Article By Adolf Hitler’s Nephew Says Fuehrer Had Feminine Gestures And Knocked Up Niece
An article written by Adolf Hitler’s nephew that exposed the Fuehrer’s bizarre behavior is currently for sale. The article was published in Look magazine on July 4, 1939, and is titled “Why I Hate My Uncle.” It gave insight into the curious temperament that the Nazi leader had.
William Patrick Hitler was the son of Adolf’s half-brother Alois Junior. The nephew’s mother was an Irish woman named Brigid Dowling and they lived in Liverpool.
The article was written two months before the start or World War II and promised to candidly tell “some things about his uncle that only a relative could know.” William began the article by remembering a visit to Hitler’s Berchtesgaden home in 1936.
“I drove there with friends and was shown into the garden. Hitler was entertaining some very beautiful women at tea. When he saw us he strode up, slashing a whip as he walked and taking the tops off the flowers. He took that occasion to warn me to never again mention that I was his nephew. Then he returned to his guests still viciously cracking his whip. We had cakes and whipped cream, Hitler’s favorite dessert. I was struck by his intensity, his feminine gestures. There was dandruff on his coat.”
Hey Adolf, maybe get some Head & Shoulders.
The nephew also wrote a dark story about the death of Adolf’s half-niece.
“When I visited Berlin in 1931, the family was in trouble. Geli Raubal, the daughter of Hitler’s and my father’s sister, had committed suicide. Everyone knew that Hitler and she had long been intimate and that she had been expecting a child – a fact that enraged Hitler. His revolver was found by her body.”
In the 1930s William moved to Germany and couldn’t find a good job so he allegedly wrote a letter to Hitler demanding a better job. This lead to accusations that he was attempting to blackmail his famous uncle by threatening to tell the press that Hitler’s alleged paternal grandfather was actually a Jewish merchant.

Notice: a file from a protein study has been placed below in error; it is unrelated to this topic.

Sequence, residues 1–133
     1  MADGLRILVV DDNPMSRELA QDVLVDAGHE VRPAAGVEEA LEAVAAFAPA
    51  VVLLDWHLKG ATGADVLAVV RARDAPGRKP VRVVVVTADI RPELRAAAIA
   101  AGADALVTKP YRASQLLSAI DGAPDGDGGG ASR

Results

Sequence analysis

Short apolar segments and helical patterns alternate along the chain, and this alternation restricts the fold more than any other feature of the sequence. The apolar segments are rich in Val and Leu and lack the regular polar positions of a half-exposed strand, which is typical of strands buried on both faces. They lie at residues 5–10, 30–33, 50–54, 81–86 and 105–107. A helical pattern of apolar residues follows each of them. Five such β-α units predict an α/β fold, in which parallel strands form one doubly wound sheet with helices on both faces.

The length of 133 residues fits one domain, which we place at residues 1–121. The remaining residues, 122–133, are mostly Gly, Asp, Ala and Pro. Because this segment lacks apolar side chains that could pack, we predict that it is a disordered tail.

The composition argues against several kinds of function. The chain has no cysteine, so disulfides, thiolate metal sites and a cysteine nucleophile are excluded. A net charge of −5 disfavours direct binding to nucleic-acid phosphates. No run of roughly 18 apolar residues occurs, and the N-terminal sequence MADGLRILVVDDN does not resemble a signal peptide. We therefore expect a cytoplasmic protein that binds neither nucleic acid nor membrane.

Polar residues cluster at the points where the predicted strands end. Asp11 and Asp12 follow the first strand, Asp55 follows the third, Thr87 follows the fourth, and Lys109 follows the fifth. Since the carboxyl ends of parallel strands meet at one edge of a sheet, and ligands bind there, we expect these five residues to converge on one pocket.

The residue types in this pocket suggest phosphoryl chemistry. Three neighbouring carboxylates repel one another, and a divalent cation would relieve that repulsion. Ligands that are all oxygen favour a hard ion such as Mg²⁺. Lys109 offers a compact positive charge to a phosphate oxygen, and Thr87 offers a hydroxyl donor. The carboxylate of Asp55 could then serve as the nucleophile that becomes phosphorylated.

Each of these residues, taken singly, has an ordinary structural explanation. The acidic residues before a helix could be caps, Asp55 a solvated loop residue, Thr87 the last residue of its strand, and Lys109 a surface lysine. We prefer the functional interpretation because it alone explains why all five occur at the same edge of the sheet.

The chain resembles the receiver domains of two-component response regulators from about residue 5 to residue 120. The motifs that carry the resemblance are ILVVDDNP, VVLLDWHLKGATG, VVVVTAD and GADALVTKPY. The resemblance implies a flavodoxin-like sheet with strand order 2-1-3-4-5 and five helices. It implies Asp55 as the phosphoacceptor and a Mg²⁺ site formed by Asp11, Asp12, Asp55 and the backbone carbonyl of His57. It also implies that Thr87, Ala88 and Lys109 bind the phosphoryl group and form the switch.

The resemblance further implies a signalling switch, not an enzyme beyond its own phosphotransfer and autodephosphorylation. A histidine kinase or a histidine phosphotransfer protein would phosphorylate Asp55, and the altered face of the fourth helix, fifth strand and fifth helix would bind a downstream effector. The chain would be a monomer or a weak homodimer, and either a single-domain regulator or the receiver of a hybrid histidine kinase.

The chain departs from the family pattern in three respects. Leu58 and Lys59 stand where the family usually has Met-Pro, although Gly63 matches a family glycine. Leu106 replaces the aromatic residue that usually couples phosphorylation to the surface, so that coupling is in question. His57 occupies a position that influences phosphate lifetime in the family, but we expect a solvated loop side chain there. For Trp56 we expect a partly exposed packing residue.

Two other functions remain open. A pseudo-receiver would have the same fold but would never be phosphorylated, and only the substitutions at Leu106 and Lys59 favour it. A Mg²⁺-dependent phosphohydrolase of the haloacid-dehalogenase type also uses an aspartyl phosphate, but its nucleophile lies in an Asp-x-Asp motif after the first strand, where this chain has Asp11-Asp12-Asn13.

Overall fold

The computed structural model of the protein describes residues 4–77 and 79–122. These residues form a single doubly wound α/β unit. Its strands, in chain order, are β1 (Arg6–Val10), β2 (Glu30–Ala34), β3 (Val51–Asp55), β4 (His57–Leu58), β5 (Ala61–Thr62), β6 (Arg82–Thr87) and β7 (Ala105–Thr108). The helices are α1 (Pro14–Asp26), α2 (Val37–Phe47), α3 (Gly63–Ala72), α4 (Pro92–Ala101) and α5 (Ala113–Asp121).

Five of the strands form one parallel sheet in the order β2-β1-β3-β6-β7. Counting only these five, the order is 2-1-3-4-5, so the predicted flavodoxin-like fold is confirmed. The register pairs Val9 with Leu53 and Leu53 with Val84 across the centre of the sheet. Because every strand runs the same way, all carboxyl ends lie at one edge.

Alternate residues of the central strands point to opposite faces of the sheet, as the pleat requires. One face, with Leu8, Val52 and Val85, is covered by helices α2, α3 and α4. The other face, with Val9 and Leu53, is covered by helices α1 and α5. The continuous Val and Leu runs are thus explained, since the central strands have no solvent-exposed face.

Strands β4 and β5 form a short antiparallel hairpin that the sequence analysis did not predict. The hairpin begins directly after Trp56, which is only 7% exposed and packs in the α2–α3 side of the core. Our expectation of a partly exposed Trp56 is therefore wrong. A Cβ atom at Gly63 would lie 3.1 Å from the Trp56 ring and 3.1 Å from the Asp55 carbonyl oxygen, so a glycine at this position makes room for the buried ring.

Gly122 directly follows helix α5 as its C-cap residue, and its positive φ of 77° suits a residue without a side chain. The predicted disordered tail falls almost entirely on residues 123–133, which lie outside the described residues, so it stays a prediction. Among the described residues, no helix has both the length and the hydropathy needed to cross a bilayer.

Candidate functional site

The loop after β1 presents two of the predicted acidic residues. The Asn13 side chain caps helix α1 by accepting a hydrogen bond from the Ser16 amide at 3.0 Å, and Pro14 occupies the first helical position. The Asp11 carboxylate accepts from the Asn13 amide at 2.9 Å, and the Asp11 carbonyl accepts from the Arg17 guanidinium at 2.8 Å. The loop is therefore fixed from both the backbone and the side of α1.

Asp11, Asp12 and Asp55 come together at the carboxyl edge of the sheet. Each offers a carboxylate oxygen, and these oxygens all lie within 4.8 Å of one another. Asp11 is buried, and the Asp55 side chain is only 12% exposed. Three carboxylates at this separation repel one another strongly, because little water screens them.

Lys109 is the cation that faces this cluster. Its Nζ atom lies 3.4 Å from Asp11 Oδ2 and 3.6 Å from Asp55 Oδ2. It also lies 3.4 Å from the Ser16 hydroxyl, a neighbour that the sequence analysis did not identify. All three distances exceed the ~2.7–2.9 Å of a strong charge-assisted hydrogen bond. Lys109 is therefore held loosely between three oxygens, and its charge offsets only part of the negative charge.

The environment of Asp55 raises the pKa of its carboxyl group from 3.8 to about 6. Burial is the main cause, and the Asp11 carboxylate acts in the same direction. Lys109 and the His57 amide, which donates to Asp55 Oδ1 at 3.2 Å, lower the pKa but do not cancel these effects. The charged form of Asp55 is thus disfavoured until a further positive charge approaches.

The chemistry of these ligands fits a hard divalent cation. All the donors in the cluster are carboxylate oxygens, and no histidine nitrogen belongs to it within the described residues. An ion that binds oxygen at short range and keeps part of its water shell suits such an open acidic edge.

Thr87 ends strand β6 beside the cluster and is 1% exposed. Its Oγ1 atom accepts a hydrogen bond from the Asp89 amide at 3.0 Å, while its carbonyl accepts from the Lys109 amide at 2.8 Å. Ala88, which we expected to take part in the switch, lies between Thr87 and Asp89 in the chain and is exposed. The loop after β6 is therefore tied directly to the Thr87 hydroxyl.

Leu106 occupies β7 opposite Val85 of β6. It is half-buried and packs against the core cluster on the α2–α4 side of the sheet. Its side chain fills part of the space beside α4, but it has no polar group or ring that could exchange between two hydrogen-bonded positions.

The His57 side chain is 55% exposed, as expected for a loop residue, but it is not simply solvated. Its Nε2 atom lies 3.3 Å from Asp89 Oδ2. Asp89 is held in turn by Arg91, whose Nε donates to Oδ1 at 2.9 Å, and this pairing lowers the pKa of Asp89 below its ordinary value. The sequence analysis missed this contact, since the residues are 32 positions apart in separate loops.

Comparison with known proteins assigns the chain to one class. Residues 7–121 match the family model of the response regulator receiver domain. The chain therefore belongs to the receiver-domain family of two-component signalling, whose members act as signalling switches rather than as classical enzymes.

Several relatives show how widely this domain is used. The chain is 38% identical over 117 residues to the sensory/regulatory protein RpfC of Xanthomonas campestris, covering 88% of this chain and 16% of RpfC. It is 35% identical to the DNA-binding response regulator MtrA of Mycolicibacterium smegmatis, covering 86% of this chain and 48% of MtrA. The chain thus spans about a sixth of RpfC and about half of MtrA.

“I published some articles on my uncle when I returned to England and was forthwith summoned back to Berlin and taken with my father and aunt to Hitler’s hotel,” William wrote. “He was furious. Pacing up and down, wild-eyed and tearful, he made me promise to retract my articles and threatened to kill himself if anything else were written on his private life.”
William was forced to flee to the U.S. in 1939 after blackmailing Hitler.
William wrote of the last time he saw his uncle:
“I shall never forget the last time he sent for me. He was in a brutal temper when I arrived. Walking back and forth, brandishing his horsehide whip, he shouted insults at my head as if he were delivering a political oration.”
William would become a United States citizen and enlisted with the U.S. Navy and fought during World War II in the Pacific theater.
He was discharged after the war with a shrapnel wound. William lived for a while in New York, before changing his name in 1946 and disappearing. Smart move. He died in New York state in 1987.
The magazine, which sold for just 10 cents back in 1939, is now being sold for $800 by a dealer in Canada through AbeBooks.